For some, it may be the 80/20 rule for saving money.
While the 80/20 rule may not work for everyone, it's helpful for some income-earning individuals who want to gain financial independence.
What is the 80/20 rule for savings?
You may have heard of the 80/20 rule applied in other contexts — like dieting or business clientele. When it comes to saving money, the 80/20 rule tells you to save 20 percent of your take-home pay and spend the rest.
The idea behind the 80/20 rule is this: By paying yourself first, you can allocate your entire remaining paycheck to living expenses. Anything leftover can go to your savings.
The savings here can be broken up into different buckets. For example, you may be saving for a down payment on a house and contributing to your long-term retirement goals simultaneously in separate accounts.
You can split up that 20 percent of pocketed income however you wish, but the premise is to save it somehow.
The 80/20 rule does not work for everyone.
The 80/20 rule is helpful for people with limited excess income who don’t want to keep a strict budget.
A study by The Penny Hoarder shows that people earning lower incomes are less likely to keep a strict budget than those with income in the six figures or higher. Tracking every little expense takes time out of an already busy work week.
Plus, automatic budgeting apps don’t always paint the full picture (for example, if you use a joint checking account for shared purchases with a family member, but are only funding a portion of the account).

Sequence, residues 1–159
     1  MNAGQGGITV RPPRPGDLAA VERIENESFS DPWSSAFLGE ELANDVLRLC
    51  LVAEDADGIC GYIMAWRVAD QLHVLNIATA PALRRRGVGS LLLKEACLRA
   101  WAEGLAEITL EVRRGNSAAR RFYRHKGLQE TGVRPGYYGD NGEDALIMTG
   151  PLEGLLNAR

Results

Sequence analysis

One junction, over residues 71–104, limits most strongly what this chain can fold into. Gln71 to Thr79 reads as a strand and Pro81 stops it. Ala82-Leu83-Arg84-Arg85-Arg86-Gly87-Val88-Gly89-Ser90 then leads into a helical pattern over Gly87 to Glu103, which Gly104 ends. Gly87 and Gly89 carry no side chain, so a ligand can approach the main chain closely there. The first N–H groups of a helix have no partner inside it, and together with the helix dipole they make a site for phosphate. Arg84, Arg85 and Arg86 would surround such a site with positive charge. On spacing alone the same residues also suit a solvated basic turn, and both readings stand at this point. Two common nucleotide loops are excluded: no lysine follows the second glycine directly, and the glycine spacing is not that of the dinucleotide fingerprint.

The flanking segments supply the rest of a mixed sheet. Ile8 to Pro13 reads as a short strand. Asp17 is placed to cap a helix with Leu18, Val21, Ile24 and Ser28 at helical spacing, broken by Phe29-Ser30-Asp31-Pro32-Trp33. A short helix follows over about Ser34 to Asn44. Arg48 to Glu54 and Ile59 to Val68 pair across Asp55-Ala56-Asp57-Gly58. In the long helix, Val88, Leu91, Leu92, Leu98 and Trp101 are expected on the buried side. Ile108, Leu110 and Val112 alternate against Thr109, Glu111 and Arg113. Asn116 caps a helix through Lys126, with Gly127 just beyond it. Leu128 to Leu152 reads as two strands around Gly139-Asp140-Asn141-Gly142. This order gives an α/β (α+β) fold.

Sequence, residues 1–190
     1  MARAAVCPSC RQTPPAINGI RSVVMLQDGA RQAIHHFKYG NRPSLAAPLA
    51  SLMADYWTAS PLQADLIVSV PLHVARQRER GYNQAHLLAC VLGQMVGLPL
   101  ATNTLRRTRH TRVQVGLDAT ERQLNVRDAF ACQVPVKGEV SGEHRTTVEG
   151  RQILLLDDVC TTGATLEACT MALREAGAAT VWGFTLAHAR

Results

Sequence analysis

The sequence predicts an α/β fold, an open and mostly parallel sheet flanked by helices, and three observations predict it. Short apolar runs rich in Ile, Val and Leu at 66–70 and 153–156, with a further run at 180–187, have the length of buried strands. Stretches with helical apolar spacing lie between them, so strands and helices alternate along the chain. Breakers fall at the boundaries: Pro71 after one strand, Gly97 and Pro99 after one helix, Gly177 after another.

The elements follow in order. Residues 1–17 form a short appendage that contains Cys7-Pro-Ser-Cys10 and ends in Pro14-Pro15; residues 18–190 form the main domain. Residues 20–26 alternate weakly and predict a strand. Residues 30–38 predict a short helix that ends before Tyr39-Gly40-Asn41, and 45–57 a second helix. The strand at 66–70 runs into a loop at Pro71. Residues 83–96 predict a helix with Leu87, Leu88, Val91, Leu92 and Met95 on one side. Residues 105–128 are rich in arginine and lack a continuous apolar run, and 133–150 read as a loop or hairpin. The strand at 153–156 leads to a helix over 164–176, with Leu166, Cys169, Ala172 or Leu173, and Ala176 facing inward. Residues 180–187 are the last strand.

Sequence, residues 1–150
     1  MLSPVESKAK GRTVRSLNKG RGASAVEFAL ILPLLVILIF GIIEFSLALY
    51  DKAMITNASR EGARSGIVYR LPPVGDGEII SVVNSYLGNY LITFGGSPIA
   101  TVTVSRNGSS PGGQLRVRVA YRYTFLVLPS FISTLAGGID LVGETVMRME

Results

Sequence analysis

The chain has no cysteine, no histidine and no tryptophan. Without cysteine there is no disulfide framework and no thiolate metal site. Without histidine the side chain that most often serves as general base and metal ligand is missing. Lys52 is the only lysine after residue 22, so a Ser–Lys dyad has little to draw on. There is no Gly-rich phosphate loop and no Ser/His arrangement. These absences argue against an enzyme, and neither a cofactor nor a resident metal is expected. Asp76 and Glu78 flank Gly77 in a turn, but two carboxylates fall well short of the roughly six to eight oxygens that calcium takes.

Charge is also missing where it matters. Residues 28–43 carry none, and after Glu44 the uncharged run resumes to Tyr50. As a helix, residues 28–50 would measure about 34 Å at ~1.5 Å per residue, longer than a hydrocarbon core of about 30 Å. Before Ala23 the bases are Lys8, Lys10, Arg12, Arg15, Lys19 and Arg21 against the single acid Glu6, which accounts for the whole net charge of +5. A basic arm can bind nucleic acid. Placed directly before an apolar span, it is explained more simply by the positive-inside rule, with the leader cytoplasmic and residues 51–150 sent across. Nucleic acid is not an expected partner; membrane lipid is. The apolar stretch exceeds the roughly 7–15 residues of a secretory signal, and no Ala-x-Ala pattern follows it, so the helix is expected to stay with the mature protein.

As you earn more, you should ideally save more.
Ideally, as you progress in your career and earn more money, the portion of income that you save also increases. This can be difficult to achieve when you experience a phenomenon called lifestyle creep.
Lifestyle creep (aka lifestyle inflation) is the idea that making more money leads to spending more money. Maybe you’ve got a new townhouse downtown and an upgraded vehicle.
Maybe you enrolled your kids in extracurricular activities that cost money. While some additional expenses are reasonable as you earn more money (face it, we all want the comforts that money can buy), it’s important to place a cap on that spending.
One way to do this is to adjust the ratio of savings versus spending as your income increases. For example, say you previously took home $55,000 annually. Under the 80/20 rule, you’d save $11,000 for the year, or about $458 per paycheck every other week.
Your new job pays more and you take home $80,000 annually. Even just saving 25 percent of your money, you can save $20,000 for the year (up $4,000 from what you’d get if you saved 20 percent).
The point? Try to save more as you earn more. However, the 80/20 savings rule is helpful for many in the early stages of their financial independence journey.